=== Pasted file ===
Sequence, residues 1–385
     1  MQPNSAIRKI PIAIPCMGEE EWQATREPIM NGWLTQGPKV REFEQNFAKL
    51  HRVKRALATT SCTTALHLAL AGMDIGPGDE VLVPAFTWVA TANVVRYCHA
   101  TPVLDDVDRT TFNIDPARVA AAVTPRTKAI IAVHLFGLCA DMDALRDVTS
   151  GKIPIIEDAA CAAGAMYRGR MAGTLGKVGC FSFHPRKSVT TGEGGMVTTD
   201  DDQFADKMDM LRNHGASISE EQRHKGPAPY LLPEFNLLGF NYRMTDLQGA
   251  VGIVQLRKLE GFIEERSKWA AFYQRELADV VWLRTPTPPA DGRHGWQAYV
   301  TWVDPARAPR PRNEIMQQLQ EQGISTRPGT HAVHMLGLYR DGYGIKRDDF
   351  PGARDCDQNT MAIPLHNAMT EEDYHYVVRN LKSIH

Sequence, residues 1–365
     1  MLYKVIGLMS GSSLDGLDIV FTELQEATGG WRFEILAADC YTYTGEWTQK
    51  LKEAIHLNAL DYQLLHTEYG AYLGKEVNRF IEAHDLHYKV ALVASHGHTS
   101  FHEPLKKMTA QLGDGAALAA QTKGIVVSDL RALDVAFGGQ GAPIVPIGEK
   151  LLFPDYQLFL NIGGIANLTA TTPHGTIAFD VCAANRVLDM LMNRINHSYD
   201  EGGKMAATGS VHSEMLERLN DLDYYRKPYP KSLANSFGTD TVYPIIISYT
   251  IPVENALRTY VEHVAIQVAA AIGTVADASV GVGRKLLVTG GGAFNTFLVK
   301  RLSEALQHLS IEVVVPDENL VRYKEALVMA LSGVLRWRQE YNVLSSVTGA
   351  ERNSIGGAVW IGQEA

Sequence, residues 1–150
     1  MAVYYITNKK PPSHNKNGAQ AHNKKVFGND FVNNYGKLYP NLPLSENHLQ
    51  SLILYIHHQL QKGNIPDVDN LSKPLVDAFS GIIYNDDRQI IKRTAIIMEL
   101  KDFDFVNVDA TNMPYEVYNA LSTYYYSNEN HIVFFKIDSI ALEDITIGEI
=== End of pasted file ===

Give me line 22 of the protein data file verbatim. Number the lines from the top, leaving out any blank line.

   101  KDFDFVNVDA TNMPYEVYNA LSTYYYSNEN HIVFFKIDSI ALEDITIGEI